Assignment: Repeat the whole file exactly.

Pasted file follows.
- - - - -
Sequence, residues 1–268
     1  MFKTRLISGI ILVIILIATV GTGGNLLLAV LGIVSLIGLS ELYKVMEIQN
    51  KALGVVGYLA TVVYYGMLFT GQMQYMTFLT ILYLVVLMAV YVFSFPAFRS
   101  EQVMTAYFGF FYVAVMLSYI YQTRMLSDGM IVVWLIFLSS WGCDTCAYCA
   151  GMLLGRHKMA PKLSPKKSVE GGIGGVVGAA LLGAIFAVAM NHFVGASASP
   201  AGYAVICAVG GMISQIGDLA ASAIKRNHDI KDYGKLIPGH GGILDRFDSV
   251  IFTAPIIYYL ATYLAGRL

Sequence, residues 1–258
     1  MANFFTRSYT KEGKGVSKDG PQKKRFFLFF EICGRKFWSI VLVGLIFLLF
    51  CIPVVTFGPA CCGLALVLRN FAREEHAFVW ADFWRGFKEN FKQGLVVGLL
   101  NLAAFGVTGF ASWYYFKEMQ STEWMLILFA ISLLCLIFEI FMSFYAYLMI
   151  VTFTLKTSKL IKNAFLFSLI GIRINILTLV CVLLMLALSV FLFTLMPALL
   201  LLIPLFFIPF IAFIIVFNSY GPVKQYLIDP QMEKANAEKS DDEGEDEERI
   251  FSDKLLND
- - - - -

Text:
Sequence, residues 1–268
     1  MFKTRLISGI ILVIILIATV GTGGNLLLAV LGIVSLIGLS ELYKVMEIQN
    51  KALGVVGYLA TVVYYGMLFT GQMQYMTFLT ILYLVVLMAV YVFSFPAFRS
   101  EQVMTAYFGF FYVAVMLSYI YQTRMLSDGM IVVWLIFLSS WGCDTCAYCA
   151  GMLLGRHKMA PKLSPKKSVE GGIGGVVGAA LLGAIFAVAM NHFVGASASP
   201  AGYAVICAVG GMISQIGDLA ASAIKRNHDI KDYGKLIPGH GGILDRFDSV
   251  IFTAPIIYYL ATYLAGRL

Sequence, residues 1–258
     1  MANFFTRSYT KEGKGVSKDG PQKKRFFLFF EICGRKFWSI VLVGLIFLLF
    51  CIPVVTFGPA CCGLALVLRN FAREEHAFVW ADFWRGFKEN FKQGLVVGLL
   101  NLAAFGVTGF ASWYYFKEMQ STEWMLILFA ISLLCLIFEI FMSFYAYLMI
   151  VTFTLKTSKL IKNAFLFSLI GIRINILTLV CVLLMLALSV FLFTLMPALL
   201  LLIPLFFIPF IAFIIVFNSY GPVKQYLIDP QMEKANAEKS DDEGEDEERI
   251  FSDKLLND